Don’t protest under sun, it’ll darken your skin and hurt marital prospects: Goa CM to nurses | india | Hindustan Times
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Don’t protest under sun, it’ll darken your skin and hurt marital prospects: Goa CM to nurses

india Updated: Apr 01, 2015 10:52 IST
HT Correspondent
HT Correspondent
Hindustan Times
Goa chief minister Laxmikant Parsekar


Goa chief minister Laxmikant Parsekar has allegedly advised protesting nurses not to stage a hunger strike under the hot sun as it could darken their complexion and affect their marital prospects, joining a growing list of ministers from the state who have drawn criticism for their public comments.

Anusha Sawant, one of the protesting nurses, said: "When we met the chief minister over our demands at Ponda (on Tuesday), he said the girls should not sit on hunger strike in hot sun as their complexion will become dark and they will not find a good bridegroom.

"The comment was unwarranted. We expect the CM to meet our demands if he is really worried about us," Sawant said.

Parsekar was not available for a reaction but an official in his office said: "We have no idea whether any statement was made but we don't think he would say something like that."

Nurses and others workers attached to a government-approved ambulance service run by a private firm are on hunger strike for the past few days.

They claimed the firm operates only 13 ambulances though it is being paid for 33. After their representatives met Parsekar twice, the nurses decided to confront him at every public function he attends.

"We also want to create awareness about the fraud committed by the company in connivance with government officials," said Hridaynath Shirodkar, the working president of Goa unit of Bhartiya Mazdoor Sangh, which is affiliated to the Rashtriyaswayam Sevak Sangh.

In January, Goa's sports and youth affairs minister Ramesh Tawadkar attracted criticism and scorn from rights activists and opposition political parties when he said the state government was planning to set up centres to treat LGBT youngsters and make them "normal".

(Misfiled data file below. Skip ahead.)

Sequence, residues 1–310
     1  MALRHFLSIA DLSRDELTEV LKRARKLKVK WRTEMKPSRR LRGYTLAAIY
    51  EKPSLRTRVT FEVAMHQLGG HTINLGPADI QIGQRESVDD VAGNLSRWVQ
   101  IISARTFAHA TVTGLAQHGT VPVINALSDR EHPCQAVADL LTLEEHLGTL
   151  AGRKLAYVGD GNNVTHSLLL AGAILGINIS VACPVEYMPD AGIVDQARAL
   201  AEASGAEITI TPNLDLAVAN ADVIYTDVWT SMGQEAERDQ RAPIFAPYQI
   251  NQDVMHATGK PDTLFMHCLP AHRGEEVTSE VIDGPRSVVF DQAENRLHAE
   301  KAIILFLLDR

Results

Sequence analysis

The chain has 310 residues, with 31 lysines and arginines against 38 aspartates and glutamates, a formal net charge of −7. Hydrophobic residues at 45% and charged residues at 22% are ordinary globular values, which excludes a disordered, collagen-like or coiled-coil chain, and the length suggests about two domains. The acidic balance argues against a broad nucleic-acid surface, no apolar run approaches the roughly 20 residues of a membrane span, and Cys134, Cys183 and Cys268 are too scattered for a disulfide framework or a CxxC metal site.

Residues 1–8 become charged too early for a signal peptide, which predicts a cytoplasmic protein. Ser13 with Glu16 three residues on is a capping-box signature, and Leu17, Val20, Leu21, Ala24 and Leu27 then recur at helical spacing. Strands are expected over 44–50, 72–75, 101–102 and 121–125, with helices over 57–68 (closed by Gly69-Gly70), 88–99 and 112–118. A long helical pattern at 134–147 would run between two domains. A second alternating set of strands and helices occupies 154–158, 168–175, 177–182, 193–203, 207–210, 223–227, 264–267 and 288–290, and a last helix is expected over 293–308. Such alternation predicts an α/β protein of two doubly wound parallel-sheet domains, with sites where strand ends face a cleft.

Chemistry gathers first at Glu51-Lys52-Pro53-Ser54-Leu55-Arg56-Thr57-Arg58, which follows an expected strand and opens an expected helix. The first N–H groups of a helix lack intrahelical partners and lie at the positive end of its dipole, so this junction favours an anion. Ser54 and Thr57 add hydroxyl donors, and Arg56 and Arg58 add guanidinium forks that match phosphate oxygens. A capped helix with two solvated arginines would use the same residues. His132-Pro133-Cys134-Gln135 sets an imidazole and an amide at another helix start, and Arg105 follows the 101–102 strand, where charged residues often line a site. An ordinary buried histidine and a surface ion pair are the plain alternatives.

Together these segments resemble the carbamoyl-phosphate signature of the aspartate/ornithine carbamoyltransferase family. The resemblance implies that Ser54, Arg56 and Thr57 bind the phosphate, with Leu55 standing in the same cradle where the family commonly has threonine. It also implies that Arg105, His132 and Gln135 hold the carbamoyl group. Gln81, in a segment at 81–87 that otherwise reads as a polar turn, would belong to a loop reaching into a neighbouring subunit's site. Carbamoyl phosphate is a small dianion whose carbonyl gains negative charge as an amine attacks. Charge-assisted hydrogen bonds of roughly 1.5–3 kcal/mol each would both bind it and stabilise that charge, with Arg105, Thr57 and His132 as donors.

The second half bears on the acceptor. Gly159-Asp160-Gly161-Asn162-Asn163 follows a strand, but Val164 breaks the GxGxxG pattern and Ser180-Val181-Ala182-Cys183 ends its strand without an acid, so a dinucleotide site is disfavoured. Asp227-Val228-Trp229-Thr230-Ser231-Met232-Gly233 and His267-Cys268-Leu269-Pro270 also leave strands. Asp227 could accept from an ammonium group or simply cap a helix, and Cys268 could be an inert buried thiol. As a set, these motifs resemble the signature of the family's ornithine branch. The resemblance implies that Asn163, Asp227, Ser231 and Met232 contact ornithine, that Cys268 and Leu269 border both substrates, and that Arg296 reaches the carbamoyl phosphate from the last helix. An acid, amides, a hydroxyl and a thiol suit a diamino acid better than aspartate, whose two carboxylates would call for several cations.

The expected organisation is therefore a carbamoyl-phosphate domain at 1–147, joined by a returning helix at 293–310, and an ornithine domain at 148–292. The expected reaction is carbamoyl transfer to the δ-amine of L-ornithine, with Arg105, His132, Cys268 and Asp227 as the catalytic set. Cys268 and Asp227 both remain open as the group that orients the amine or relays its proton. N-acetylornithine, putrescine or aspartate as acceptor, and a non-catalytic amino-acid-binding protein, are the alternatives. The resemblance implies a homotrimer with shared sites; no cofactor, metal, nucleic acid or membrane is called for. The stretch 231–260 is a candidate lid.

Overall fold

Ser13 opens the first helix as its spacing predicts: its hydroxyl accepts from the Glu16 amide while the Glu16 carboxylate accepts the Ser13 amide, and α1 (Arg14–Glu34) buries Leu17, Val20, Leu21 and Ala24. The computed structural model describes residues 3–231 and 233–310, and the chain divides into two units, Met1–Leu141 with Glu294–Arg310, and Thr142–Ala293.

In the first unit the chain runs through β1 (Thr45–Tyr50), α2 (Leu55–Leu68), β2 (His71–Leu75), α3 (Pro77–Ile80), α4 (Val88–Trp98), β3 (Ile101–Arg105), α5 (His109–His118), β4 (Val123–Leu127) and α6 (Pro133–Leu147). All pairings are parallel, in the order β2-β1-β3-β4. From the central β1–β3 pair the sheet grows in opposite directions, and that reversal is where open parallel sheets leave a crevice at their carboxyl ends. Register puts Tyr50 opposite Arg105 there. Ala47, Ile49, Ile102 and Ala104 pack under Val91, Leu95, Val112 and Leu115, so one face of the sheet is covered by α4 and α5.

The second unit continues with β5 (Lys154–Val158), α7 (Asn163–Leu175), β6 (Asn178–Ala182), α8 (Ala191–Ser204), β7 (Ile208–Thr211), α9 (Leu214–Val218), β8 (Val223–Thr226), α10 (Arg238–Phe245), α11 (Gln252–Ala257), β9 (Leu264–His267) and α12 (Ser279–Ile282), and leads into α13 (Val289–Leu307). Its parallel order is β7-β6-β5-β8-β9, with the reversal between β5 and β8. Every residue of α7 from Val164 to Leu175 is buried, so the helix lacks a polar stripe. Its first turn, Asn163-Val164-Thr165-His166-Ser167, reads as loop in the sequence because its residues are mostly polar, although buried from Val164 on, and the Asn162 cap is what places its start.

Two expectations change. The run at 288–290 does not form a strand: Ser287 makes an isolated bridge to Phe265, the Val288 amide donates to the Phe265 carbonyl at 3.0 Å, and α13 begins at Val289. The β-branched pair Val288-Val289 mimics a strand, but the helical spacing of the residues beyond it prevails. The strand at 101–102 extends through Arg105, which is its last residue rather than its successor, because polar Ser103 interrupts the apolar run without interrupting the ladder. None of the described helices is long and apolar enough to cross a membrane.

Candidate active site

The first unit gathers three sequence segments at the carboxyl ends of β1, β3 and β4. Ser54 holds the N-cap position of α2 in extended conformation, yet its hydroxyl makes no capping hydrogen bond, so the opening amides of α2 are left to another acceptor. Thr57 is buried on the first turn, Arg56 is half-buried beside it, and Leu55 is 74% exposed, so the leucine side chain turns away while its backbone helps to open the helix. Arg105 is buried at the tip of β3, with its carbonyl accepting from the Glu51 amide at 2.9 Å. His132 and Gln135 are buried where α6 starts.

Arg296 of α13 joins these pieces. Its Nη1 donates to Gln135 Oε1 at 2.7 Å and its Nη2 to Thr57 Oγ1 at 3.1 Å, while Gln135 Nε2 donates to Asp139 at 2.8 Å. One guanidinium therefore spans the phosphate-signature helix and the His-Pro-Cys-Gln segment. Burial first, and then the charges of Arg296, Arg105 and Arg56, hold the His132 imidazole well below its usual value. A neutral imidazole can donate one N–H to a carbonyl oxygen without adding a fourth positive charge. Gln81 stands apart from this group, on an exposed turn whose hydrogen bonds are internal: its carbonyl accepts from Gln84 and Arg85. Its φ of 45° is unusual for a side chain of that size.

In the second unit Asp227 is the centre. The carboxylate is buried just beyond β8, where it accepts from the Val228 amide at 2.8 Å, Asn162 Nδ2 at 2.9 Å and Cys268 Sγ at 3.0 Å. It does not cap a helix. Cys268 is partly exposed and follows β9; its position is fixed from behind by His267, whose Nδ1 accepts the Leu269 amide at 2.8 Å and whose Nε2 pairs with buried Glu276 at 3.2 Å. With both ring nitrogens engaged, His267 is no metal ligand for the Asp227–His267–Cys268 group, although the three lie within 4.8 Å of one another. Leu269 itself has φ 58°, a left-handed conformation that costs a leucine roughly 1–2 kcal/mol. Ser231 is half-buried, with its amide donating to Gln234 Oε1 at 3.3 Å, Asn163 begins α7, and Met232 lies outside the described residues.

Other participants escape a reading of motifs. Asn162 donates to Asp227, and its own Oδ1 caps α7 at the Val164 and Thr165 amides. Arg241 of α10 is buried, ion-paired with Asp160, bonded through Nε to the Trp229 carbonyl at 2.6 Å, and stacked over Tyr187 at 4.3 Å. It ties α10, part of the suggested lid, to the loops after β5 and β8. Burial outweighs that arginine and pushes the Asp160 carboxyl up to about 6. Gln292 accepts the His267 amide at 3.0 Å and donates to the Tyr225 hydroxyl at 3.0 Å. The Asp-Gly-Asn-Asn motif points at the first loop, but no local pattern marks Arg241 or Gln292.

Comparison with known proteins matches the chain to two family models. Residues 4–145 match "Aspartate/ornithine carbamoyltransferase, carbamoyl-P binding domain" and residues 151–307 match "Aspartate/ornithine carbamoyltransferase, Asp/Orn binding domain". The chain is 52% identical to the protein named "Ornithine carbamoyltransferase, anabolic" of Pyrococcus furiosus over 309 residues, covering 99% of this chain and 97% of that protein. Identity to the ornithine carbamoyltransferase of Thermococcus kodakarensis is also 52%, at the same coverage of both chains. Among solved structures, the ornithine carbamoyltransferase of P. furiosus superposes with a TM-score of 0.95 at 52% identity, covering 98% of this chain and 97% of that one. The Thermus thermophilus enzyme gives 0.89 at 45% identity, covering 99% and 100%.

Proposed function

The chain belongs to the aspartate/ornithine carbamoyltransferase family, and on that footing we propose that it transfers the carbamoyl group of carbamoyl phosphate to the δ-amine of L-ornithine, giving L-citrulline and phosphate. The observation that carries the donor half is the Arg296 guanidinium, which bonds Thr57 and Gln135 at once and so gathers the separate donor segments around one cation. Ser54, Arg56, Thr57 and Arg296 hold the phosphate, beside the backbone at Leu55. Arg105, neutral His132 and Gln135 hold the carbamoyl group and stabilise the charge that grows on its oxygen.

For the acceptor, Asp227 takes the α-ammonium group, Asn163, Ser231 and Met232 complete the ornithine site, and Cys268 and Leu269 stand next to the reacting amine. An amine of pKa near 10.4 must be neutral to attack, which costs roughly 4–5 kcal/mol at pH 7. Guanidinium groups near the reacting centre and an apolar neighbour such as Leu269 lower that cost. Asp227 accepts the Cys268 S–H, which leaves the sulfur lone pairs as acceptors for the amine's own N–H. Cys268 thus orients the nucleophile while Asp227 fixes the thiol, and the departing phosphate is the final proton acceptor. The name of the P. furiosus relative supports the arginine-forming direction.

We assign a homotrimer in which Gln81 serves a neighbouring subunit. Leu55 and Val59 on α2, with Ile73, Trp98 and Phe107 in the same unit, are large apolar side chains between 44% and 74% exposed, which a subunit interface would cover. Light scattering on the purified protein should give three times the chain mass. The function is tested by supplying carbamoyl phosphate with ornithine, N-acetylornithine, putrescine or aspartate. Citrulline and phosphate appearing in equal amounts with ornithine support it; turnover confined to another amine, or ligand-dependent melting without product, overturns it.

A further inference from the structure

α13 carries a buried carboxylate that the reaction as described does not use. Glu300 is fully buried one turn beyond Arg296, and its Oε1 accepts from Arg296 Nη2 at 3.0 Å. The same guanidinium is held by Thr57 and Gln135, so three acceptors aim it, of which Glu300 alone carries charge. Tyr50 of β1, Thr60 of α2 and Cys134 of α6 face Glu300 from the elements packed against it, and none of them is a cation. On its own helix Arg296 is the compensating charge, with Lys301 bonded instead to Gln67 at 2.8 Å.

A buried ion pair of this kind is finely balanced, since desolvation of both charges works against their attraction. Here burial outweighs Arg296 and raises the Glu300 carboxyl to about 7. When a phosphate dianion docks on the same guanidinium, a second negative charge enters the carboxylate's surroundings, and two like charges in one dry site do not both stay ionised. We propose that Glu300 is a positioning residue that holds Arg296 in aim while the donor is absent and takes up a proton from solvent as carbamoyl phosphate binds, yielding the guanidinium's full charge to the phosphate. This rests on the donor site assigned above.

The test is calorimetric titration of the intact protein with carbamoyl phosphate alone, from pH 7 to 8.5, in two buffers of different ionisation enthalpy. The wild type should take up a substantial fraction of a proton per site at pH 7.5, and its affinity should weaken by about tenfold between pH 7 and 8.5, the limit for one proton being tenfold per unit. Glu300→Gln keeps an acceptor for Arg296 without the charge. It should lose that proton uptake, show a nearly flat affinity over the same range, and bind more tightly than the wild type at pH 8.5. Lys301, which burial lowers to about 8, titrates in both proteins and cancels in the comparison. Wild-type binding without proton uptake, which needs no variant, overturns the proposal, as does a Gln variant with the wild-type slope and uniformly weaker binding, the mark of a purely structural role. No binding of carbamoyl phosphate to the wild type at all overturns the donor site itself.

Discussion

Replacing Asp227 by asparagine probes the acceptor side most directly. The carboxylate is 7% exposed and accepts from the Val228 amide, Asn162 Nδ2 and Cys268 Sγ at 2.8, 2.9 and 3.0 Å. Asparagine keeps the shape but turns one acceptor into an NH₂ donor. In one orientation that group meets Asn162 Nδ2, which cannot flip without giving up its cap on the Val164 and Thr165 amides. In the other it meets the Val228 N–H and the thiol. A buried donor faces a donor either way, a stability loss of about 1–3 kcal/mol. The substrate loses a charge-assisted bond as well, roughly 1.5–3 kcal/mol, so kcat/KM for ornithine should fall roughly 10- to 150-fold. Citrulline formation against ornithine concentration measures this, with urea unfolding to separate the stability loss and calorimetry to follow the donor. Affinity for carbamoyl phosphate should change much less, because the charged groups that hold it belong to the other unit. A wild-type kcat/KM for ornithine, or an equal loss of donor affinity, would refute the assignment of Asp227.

"We will make them normal…Like Alcoholics Anonymous centres, we will have centres. We will train them and give them medicines too," he had said.

Tawadkar did a U-turn after he was rapped for his "ignorance" by the chief minister, saying he was misquoted on the issue.

In July last year, Goa minister Sudin Dhavalikar sparked a controversy by calling for a ban on young girls wearing short skirts to nightclubs. "Young girls wearing short skirts in nightclubs are a threat to the Goan culture," Dhavalikar told reporters.

Last month, Goa's assembly was informed by art and culture minister Dayanand Mandrekar that his department has barred its employees from wearing sleeveless clothes, jeans, T-shirts and multi-pocketed pants to office to "maintain decorum".

Beyond Goa, other politicians too have been criticised for their controversial remarks about women.

Last month, JD(U) leader Sharad Yadav had commented on the complexion of women from south India, drawing flak from activists and parliamentarians.

During a debate in parliament on the insurance bill, Yadav had said, "Here people are awed by fair skin. Matrimonial ads also ask for fair skinned brides. The proposal to raise foreign investment is a symptom of this obsession."

Despite DMK member Kanimozhi's objection to his comments, Yadav added: "In the entire country there are more saanvle (dark skinned) men. The women of south are beautiful, their bodies...their skin ...We don't see it here. They know dance."

When the issue was later raised in the House by HRD minister Smriti Irani, Kanimozhi and some others, Yadav remained defiant and unapologetic. But he later expressed regret over his comments against Irani.